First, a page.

Meanwhile, the IT shops busy using agile development practices to generate their own business intelligence upgrades are being deservedly criticized, not for lack of product quality or slow delivery, but rather for lack of attention to the needs of the business end user – in other words, for not being agile enough. A return to agile development fundamentals should be a straightforward fix for that.
That leaves the task of supporting business agility. In essence, this means that agile business intelligence should be aimed primarily at providing data that helps the business function or corporate end user act in an agile way, as part of an agile business process – always focusing on change, always in touch with the customer, often a step ahead rather than always reacting.
For example, the chief marketing officer should be thinking not only of where the market has been and is but also where it might be going, where it should be going, and how to bake the ability to meet possible upcoming needs into present solutions and services – and marketing processes. Analytics needs to tell the CMO the fine points of the customer-of-one’s present relationship for more rapid and effective reaction. Even more importantly, analytics should help reveal new possibilities for where the market might be going, business barriers to "crossing the chasm," and ways in which the new-product development process and marketing’s own processes may hinder the organizational ability to change to meet upcoming customer demands.
Thus, in order for the business to improve its agility in a major way, it needs to adopt agile processes and agile thinking in key areas. Truly agile business intelligence used to support business agility is a great help. However, despite what vendor hype is saying, it’s a tool, not a solution. The only long-term way to make major improvements in your company’s agility is to make major changes in your company’s mindset and supporting processes.
It should be noted that while an agile business armed with agile business intelligence may be a fearsome competitor in the medium term, at present most of your competitors are pretty far from fully agile themselves. This is a good thing, as true business agility requires a significant and pervasive change in mindset across much of the organization. So in addition to aiming business intelligence in the correct direction, IT has the time and opportunity to keep the entire business agility effort from being deep-sixed forever.
What that means, specifically, is that IT should start demanding that vendors talk about truly agile business intelligence use cases. These use cases should be:
- Forward-looking or what-if, focusing on possible upcoming shifts in customers’ markets, not those that are existing and well-known;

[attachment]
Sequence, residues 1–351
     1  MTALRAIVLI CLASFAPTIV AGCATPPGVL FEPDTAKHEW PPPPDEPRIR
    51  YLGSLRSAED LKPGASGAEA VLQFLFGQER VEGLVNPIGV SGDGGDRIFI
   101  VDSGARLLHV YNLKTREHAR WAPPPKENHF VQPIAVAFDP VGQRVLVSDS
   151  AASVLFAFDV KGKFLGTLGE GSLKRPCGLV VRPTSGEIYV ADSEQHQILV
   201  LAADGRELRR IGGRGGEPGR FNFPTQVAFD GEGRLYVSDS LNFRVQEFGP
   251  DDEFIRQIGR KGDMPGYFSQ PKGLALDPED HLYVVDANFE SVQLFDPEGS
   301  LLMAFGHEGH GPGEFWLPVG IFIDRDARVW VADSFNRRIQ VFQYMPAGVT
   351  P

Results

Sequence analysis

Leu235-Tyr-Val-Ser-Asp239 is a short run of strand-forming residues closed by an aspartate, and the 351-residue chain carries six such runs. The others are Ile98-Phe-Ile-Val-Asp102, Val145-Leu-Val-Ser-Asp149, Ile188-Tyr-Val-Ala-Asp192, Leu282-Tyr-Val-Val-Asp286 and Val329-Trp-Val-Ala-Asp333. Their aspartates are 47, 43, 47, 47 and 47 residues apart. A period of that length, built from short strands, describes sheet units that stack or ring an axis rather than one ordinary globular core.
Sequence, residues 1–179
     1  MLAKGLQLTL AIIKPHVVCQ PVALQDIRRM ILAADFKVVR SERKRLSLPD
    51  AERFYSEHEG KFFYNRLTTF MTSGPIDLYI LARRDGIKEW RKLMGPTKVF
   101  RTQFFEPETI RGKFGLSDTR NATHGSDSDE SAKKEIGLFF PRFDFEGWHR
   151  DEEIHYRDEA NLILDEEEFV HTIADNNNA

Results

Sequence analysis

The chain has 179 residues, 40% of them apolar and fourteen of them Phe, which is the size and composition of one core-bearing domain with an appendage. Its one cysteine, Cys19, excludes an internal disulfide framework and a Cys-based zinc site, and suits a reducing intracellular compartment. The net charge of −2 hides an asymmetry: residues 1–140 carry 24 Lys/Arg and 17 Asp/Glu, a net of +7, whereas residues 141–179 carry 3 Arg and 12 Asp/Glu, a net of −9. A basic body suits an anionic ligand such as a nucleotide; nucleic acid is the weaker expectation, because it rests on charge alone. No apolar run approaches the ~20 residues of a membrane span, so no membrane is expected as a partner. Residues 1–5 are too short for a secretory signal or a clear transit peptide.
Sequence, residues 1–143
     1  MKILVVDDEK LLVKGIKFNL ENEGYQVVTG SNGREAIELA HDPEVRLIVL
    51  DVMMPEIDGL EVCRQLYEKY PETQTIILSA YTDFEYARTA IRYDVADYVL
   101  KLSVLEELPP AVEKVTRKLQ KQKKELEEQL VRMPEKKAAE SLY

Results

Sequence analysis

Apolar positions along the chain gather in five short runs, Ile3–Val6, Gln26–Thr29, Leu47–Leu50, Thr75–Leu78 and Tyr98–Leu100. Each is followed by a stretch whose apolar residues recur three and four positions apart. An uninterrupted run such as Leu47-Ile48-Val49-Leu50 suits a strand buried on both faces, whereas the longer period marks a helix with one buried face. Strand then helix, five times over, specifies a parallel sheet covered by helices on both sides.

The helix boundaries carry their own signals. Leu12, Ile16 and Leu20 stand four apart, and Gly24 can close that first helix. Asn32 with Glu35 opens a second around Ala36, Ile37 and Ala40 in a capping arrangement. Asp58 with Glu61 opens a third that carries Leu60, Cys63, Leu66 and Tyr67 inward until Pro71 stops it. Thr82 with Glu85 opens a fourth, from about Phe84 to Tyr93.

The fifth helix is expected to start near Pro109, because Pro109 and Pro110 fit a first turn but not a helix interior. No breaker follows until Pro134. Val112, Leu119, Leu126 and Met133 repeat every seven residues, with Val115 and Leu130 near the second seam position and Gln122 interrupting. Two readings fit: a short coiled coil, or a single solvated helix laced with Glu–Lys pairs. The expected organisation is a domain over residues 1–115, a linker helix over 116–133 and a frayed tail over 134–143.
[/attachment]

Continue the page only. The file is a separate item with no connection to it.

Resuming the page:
- Process-changing, identifying ways that data flow and/or new product development should be able to change to meet prospective new market needs;
- Customer interactive, involving not just examination of customer data but negotiation with the customer about the outcome of the business change.
Here’s a slightly altered real-world example: A zoo saw its revenues slowly decrease, as school trips that were a major source of revenues faltered in the face of state austerity budgets. It brought in a new business intelligence tool, and began the obvious process of identifying and better targeting key customers for greater revenue.
During the process, the business intelligence tool spit up an odd fact: The zoo’s ice cream stand shut down an hour early, to save wages and give employees a head start on cleaning up after the crowd. Luckily, the zoo didn’t stop there. It talked to key customers, and realized that most of them wanted ice cream at the end of the day when kids were hot and tired. So the zoo kept the ice cream stands open another hour, and saw their revenues in that area soar.
The zoo didn’t stop there. It used the initial success to justify a process in which key customers were frequently asked for feedback or ideas and new efforts could be pre-tested. It started to wonder whether there were trends in other parts of the market that could be used to attract new customers, like high-schoolers interested in the environment. It involved its employees and customers in a BI-driven process not only to adapt to changes in the markets, but also to identify possible new changes and opportunities and started to change that BI-driven process to take advantage of them.
In other words, the zoo used its business intelligence to take a big step toward business agility by getting everybody thinking about change. And, by the way, in the process of improving business agility it also made its business intelligence more agile. Profit results are beginning to follow.
The ancient Romans had an expression: caveat emptor, meaning "let the buyer beware." It has always been taken to mean, it’s the job of the IT buyer to see through vendor hype. In this case, IT should make it the vendor’s job to prove that its solutions can help create real business agility, not hype. If the vendor doesn’t … caveat vendor.
Wayne Kernochan is the president of Infostructure Associates, an affiliate of Valley View Ventures that aims to identify ways for businesses to leverage information for innovation and competitive advantage. Wayne has been an IT industry analyst for 22 years. During that time, he has focused on analytics, databases, development tools and middleware, and ways to measure their effectiveness, such as TCO, ROI, and agility measures. He has worked for respected firms such as Yankee Group, Aberdeen Group and Illuminata, and has helped craft marketing strategies based on competitive intelligence for vendors ranging from Progress Software to IBM.